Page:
1,071 research outputs found

    The Renormalization Group for Flag Manifolds

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    The renormalization group equations for a class of non--relativistic quantum σ\sigma--models targeted on flag manifolds are given. These models emerge in a continuum limit of generalized Heisenberg antiferromagnets. The case of the SU(3)U(1)×U(1){SU(3)\over U(1)\times U(1)} manifold is studied in greater detail. We show that at zero temperature there is a fixed point of the RG transformations in (2+ε)(2+\varepsilon )--dimensions where the theory becomes relativistic. We study the linearized RG transformations in the vicinity of this fixed point and show that half of the couplings are irrelevant. We also show that at this fixed point there is an enlargement of the global isometries of the target manifold. We construct a discrete non--abelian enlargement of this kind.Comment: 22 page

    Continuous Local Symmetry in Ising-type Models

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    A class of generalized Ising models is examined with a view to extracting a low energy sector comprising Dirac fermions coupled to Yang-Mills vectors. The main feature of this approach is a set of gap equations, covariant with respect to one of the 44-dimensional crystallographic space groups.Comment: 7 pages, latex, IC/94/2

    Mouse tafazzin is required for male germ cell meiosis and spermatogenesis

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    Barth syndrome is an X-linked mitochondrial disease, symptoms of which include neutropenia and cardiac myopathy. These symptoms are the most significant clinical consequences of a disease, which is increasingly recognised to have a variable presentation. Mutation in the Taz gene in Xq28 is thought to be responsible for the condition, by altering mitochondrial lipid content and mitochondrial function. Male chimeras carrying a targeted mutation of Taz on their X-chromosome were infertile. Testes from the Taz knockout chimeras were smaller than their control counterparts and this was associated with a disruption of the progression of spermatocytes through meiosis to spermiogenesis. Taz knockout ES cells also showed a defect when differentiated to germ cells in vitro. Mutant spermatocytes failed to progress past the pachytene stage of meiosis and had higher levels of DNA double strand damage and increased levels of endogenous retrotransposon activity. Altogether these data revealed a novel role for Taz in helping to maintain genome integrity in meiosis and facilitating germ cell differentiation. We have unravelled a novel function for the Taz protein, which should contribute to an understanding of how a disruption of the Taz gene results in the complex symptoms underlying Barth Syndrome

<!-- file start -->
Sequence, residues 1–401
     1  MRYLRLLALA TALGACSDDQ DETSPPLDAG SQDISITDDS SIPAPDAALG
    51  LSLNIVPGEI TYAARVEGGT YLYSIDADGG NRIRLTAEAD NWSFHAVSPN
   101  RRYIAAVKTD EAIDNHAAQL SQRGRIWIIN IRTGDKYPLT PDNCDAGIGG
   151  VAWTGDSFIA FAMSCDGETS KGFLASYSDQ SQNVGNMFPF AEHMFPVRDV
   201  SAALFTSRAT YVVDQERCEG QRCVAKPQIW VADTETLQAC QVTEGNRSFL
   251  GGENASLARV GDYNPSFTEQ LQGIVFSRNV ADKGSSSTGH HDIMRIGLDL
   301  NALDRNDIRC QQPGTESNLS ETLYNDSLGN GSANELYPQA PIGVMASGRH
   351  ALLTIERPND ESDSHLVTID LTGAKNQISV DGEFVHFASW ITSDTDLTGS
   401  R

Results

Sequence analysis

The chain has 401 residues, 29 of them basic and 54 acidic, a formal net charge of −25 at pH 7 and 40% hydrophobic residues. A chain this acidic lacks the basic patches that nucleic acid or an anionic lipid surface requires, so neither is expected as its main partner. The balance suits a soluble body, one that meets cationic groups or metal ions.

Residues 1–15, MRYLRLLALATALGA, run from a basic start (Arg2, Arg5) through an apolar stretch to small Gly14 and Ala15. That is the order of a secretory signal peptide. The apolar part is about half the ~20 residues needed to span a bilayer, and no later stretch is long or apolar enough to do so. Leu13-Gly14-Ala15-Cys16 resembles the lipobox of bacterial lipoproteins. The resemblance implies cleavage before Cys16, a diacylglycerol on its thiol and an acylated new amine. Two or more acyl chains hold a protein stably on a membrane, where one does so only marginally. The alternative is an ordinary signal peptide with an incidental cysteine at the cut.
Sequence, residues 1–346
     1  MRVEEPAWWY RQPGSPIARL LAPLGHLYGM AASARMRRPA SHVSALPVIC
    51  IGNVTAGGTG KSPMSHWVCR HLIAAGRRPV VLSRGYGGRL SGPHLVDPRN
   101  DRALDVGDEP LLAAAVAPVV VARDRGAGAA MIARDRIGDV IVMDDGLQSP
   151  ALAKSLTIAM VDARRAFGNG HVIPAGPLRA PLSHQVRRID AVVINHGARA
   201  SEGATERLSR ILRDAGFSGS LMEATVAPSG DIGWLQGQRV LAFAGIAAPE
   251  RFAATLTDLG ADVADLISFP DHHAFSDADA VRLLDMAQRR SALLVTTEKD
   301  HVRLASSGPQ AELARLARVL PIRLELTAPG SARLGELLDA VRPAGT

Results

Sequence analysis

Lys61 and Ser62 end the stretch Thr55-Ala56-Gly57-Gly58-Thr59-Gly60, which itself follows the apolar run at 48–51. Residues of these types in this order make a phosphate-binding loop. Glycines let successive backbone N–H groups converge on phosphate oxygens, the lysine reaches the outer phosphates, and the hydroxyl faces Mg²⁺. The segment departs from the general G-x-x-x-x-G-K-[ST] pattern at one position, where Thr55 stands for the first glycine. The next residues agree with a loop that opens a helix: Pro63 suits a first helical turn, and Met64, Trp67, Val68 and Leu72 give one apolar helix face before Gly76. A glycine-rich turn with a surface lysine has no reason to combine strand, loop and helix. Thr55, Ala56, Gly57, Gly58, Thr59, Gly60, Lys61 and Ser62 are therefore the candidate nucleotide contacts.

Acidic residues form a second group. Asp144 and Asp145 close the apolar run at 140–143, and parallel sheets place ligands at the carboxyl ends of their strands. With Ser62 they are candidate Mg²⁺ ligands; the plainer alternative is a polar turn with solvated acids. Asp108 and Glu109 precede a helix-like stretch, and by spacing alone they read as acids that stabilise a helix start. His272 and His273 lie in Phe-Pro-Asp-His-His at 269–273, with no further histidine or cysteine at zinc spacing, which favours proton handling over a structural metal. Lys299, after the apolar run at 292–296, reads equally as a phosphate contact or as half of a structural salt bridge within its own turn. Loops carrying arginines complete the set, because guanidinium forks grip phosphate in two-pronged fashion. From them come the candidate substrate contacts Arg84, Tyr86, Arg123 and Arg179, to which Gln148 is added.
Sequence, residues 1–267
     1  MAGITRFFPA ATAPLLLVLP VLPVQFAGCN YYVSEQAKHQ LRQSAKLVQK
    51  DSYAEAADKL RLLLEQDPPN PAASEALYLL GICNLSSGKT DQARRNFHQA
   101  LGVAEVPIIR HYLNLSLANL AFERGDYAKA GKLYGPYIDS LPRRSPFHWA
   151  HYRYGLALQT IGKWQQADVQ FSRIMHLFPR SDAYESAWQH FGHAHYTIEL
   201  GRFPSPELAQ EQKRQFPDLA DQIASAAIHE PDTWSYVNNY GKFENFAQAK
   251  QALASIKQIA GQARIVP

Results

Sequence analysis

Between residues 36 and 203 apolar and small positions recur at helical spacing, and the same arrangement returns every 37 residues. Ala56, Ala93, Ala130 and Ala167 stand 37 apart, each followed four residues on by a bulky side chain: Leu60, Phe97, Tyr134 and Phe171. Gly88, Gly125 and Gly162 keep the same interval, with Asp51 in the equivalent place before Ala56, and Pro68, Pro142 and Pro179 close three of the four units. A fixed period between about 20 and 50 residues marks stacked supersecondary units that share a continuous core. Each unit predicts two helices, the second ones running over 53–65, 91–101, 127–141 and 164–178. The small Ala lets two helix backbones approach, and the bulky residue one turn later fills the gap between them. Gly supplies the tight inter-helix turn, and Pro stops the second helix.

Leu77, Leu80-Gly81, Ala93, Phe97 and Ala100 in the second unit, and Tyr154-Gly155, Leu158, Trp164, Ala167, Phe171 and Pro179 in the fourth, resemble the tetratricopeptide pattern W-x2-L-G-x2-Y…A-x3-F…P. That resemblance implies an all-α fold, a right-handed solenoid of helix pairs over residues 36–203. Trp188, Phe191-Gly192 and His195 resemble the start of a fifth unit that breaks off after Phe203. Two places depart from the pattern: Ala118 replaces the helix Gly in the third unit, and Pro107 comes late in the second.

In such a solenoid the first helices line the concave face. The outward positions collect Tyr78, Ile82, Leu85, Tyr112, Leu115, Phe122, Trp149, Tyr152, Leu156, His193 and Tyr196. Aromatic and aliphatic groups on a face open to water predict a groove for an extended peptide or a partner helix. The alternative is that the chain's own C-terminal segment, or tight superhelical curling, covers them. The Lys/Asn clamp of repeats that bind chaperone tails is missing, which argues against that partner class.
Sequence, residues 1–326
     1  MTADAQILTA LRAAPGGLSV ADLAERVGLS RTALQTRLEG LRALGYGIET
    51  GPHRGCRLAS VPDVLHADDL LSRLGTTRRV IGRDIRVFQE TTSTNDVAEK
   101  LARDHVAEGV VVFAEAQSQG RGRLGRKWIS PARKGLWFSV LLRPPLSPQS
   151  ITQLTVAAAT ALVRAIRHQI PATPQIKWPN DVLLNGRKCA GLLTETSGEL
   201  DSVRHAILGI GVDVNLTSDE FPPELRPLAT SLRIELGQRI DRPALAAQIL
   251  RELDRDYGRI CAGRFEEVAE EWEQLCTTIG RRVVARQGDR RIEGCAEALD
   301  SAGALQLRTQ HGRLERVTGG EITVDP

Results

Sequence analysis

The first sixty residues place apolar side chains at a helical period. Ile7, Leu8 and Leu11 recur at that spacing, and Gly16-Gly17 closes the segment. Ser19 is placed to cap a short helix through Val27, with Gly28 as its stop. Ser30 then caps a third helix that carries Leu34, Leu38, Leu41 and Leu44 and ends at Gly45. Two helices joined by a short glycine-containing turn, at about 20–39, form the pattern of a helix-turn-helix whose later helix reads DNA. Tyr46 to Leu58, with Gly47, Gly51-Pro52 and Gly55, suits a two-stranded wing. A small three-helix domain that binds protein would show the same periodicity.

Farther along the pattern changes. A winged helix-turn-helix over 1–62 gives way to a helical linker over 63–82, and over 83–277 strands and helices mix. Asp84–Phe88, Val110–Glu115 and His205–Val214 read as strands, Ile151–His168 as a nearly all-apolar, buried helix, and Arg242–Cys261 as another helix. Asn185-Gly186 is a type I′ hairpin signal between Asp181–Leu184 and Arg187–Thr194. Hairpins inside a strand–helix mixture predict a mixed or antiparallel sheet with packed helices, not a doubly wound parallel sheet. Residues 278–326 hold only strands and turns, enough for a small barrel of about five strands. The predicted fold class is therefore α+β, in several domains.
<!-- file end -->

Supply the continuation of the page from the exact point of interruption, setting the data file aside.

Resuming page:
Dissociative Autoionization in (1+2)-photon Above Threshold Excitation of H2 Molecules

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    We have theoretically studied the effect of dissociative autoionization on the photoelectron energy spectrum in (1+2)-photon above threshold ionization(ATI) of H2 molecules. We have considered excitation from the ground state X-singlet-Sigma-g+(v=0,j) to the doubly excited autoionizing states of singlet-Sigma-u+ and singlet-Pi-u+ symmetry, via the intermediate resonant B-singlet-Sigma-u+(v=5,j) states. We have shown that the photoelectron energy spectrum is oscillatory in nature and shows three distinct peaks above the photoelectron energy 0.7 eV. This feature has been observed in a recent experiment by Rottke et al, J. Phys. B, Vol. 30, p-4049 (1997).Comment: 11 pages and 4 figure